The lovely Mary Clarkson had this to say:

Her comment seems to be at the other end of the debate, it speaks of judgement and that it is not our role to judge each other. Jackie Parkes explains this position really well in a recent blog post here. Should we be pointing fingers and constantly bickering about what is authentic? Or should we be doing our best to live our lives in the joy of the Gospel? Much of this resounds clearly with Pope Francis' recent words.

To counter that, should we not call out error then? Surely when we know there is a problem, we should speak out about it? This is where I depart from Mary's position I think. Take for example, Cardinal Lavada's recent clarifications regarding Tony Flannery. If Rome is saying his position is heretical, I think it's reasonable we should be able to denounce his position as contrary to authentic Church teaching.

It's tricky. We cannot see what is in people's hearts or know the truth of their motivation, so we should always, as the Catechism states, begin with charity (CCC 25).

Even giving that we should speak out against heretics, perhaps in extreme circumstances, I must say that I can think of lots of far more deserving individuals who might be questioned before Cardinal Dolan. I think this is even better expressed by Mark Shea here. Now I might express my concern here that Shea also seems quite acerbic in his criticism of Voris, but Voris is attacking Fr. Robert Barron, who it seems to me has done more to restore a proper understanding of the beauty and scope of the Catholic faith to the world than almost anyone else in my lifetime!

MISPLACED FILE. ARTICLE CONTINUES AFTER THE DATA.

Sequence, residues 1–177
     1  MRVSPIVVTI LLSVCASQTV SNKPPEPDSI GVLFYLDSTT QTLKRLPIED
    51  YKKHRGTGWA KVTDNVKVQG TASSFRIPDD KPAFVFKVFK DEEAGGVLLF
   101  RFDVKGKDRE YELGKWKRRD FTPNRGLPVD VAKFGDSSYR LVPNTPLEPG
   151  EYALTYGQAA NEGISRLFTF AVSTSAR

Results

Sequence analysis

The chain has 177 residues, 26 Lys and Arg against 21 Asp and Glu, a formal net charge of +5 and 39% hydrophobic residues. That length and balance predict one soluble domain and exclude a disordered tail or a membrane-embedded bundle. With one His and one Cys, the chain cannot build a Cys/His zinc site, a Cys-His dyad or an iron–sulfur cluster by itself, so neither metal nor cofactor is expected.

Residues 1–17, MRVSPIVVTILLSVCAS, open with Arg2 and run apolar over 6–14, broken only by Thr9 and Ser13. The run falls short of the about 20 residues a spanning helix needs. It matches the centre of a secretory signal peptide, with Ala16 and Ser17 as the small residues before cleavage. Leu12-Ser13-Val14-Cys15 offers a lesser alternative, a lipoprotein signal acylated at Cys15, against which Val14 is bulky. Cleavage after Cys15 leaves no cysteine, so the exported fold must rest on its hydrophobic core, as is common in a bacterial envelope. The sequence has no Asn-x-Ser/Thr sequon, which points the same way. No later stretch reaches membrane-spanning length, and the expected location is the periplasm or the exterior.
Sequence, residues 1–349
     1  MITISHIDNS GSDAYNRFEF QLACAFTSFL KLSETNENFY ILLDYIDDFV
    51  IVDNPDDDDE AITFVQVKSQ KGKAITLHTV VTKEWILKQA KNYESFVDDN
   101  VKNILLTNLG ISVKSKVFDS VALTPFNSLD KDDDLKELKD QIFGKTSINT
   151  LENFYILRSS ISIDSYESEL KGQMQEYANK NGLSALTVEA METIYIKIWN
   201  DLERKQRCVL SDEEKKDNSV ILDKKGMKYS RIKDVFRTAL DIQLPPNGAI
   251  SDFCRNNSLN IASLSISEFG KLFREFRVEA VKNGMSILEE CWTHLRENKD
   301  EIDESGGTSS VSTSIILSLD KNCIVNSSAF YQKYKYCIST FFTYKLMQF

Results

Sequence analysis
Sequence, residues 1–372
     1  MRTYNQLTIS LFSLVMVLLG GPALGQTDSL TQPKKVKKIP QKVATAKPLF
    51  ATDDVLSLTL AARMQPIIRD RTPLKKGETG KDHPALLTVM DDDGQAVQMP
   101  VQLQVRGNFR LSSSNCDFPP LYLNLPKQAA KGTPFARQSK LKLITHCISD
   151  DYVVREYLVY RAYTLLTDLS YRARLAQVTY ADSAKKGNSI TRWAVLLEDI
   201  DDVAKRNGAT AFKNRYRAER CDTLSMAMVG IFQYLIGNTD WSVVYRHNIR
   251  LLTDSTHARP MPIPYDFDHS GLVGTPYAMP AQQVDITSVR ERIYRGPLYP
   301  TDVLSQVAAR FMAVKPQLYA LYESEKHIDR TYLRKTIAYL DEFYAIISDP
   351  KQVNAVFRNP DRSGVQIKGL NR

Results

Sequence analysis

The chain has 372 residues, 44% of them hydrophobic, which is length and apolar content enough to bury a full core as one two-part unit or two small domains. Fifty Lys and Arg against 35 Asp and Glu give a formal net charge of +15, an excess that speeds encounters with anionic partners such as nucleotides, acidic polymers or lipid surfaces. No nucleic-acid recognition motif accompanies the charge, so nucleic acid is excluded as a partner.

Watch Fr. Robert's video:

I have studied theology and the first thing one has to understand is that IT IS NOT DOCTRINE. In this video, Fr. Robert gives a wonderful conspectus of the Catholic tradition with regards to hell. He does not espouse doctrine, or contradict it. He explains how we have arrived at the teaching we hold. He is eminently reasonable in his articulation and it is his intellectual approach and simplicity of communication which means he is able to communicate complex theological ideas in a way most people can understand.

Are there no better targets for Michael Voris than Fr. Robert Barron or Cardial Dolan? I have to say, even if I had doubts about something these two said, I would have to pull myself up and say, am I really qualified to criticise them? I have to wonder, did Michael Voris go to Fr. Robert Barron and ask him to clarify his position? By attacking innocent Catholics in good standing and misrepresenting what they are saying, I conclude that Michael Voris, someone I admire and respect, and someone who speaks a lot of truth out of love of the Church, does serious harm to the faithful. It is easy to tear at people who are trying to do their best. Fr. Robert Barron and Cardinal Dolan are important figures, especially in the Church in America. Whilst it is essential we put our trust, not in individuals, but always in Christ, these two have been called by God to serve His Church. Vocal criticism serves what end? If it is questionable or spurious in any way, surely it can only serve the goals and aims of the enemy?

Whilst I value and admire his contribution, I would suggest, in love, that Michael Voris might consider re-adjusting his sights on occasion.